[Python-ideas] Way to check for floating point "closeness"?

Chris Barker - NOAA Federal chris.barker at noaa.gov
Thu Jan 15 06:19:47 CET 2015

On Jan 14, 2015, at 6:14 PM, Ron Adam <ron3200 at gmail.com> wrote:
> I would probably write like this.
>    def relerr(actual, expected):
>        return abs(actual - expected)/expected
> Where expected is a non-zero reference value.

Hmm, there is something to be said about making it clear which is
"expected" -- then that value clearly provides the scale. And you can
document that it can't be zero. And raise an Exception if it does.

> it needs a third value.

Well, a tolerance, yes.

> And then use it this way to measure a resistors tolerance.
>    if relerr(218.345, 220) <= 0.05:
>        print("Good")
>    else:
>        print("Bad")

I don't see the advantage at all of this over a simple function API:

Is_close(actual, expected, tolerance)

(Probably with a default tolerance)

> Note that you would never compare to an expected value of zero.

Yup --I like how you can make that clear.  Though sometimes you really
do expect zero. Maybe no need for the same API for that, or an API at

>    relerr(a - b, expected_feet) < tolerance   # relative feet from b

I'm still confused why bother with the relerr function -- why bother?

>    relerr(a - b, ulp)    # percentage of ulp's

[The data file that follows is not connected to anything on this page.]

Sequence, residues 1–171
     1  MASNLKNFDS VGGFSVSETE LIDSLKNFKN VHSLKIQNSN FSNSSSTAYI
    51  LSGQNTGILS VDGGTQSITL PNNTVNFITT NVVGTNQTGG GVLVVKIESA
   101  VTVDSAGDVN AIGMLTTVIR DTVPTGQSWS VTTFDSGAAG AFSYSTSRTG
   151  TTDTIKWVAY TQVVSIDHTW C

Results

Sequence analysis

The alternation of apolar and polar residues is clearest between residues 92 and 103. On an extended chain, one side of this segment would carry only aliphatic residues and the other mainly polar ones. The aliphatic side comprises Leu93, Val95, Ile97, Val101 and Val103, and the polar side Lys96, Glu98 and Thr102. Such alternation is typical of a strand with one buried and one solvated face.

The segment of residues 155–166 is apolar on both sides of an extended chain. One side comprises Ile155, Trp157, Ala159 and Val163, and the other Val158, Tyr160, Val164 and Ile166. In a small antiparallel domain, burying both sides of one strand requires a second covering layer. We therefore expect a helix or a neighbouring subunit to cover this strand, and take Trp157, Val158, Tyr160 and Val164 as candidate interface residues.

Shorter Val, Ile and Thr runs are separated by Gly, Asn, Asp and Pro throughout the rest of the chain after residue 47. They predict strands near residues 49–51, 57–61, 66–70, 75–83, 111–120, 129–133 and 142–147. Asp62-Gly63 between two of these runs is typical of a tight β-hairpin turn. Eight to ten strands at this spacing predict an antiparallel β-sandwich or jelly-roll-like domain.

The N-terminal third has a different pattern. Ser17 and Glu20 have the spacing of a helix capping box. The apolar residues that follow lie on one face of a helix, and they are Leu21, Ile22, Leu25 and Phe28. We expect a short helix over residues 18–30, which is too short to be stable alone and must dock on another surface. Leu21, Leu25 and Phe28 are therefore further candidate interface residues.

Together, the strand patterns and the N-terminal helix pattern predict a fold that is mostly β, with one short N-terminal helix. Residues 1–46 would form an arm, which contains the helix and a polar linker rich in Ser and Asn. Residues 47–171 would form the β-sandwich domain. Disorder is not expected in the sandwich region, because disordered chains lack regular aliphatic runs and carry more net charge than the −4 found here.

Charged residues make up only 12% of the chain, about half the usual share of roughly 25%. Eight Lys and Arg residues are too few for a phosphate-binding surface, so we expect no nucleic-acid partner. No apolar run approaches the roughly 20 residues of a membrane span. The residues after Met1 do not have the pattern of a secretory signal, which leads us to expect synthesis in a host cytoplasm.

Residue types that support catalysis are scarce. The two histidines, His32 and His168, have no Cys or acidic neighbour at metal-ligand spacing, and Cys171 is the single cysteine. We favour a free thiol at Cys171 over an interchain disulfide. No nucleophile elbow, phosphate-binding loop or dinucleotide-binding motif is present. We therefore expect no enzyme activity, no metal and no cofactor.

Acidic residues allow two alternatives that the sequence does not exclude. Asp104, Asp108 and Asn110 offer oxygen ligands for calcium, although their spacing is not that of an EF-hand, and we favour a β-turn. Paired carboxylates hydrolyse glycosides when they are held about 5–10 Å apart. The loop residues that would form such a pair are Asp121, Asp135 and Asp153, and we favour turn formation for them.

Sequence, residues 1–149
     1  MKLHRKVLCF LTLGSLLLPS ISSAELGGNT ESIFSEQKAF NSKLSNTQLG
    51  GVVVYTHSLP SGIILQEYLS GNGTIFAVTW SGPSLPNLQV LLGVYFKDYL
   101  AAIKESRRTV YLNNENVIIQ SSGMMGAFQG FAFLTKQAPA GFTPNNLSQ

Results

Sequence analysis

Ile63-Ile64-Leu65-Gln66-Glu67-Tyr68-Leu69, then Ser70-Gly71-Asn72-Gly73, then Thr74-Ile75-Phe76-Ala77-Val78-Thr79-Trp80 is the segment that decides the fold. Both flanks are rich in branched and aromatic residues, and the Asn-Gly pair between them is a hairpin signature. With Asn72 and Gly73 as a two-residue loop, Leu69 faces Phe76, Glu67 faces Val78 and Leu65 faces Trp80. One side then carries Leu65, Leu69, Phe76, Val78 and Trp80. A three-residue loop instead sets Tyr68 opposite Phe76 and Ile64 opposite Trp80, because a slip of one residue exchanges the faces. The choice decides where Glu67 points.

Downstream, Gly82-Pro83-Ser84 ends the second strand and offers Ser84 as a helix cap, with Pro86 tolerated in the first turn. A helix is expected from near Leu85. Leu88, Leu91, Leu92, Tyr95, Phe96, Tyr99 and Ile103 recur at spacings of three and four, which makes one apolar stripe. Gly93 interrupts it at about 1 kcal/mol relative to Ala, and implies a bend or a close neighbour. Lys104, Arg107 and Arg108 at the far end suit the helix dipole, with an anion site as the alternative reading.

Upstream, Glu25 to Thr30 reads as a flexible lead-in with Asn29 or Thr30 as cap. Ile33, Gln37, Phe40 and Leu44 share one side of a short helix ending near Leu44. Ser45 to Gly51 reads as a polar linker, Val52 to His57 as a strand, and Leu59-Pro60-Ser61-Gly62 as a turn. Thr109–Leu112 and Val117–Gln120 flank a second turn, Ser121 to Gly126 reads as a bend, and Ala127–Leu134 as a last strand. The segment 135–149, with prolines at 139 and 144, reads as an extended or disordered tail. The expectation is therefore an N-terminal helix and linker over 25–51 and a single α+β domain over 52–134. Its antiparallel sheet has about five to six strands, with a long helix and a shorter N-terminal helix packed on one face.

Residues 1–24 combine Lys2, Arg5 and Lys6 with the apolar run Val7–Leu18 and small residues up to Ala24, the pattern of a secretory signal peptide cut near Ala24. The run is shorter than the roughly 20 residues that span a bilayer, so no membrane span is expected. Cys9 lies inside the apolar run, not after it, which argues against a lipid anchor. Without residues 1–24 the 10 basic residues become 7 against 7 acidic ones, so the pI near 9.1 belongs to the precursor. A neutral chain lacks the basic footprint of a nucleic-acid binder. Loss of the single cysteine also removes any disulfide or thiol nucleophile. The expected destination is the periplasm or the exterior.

I don't think you can define an ulp like that.

> What Chris is looking for is a way to get a closeness function that works most of the time.


> But I don't see how you can do that without specifying some scaler to give it context, and a tolerance.

Yes, you need a tolerance, sure. And the context comes from the values
you are comparing. The only problem is what to do with zero. (And
maybe really near zero).

>     def is_close(a, b, unit, good):
>         return (abs(a - b) / unit) <= good
>     is_close(218.345, 220, 1, .05)   # OHMs
>     is_close(a, b, ULP, 2)     # ULPs
>     is_close(a, b, AU, .001)   # astronomical units

I don't get why it helps to introduce units here. I don't think that's
point (this would all be equally valid with unit less quantities).

And if you want a scale for relative tolerance that is independent of
the values you are checking, that's essentially an absolute tolerance.
I'm not sure it's worth burying that simple calculation in a function.

> I don't see anyway to generalise those with just a function.

Didn't just do that? Except for the Ulps, not sure what to do there,
an ulp is a different way to define a delta.

Unless you mean units aware, but that's really not what this all is about.

> By using objects we can do a bit more.  I seem to recall coming across measurement objects some place.  They keep a bit more context with them.

Sure, there are various  unit/physical quantities objects out there,
many numpy-based. But I think is orthogonal to comparing floating
point numbers.

And a sime floating point comparison function _may_ belong the
standard library, but not a more complex physical quantity system


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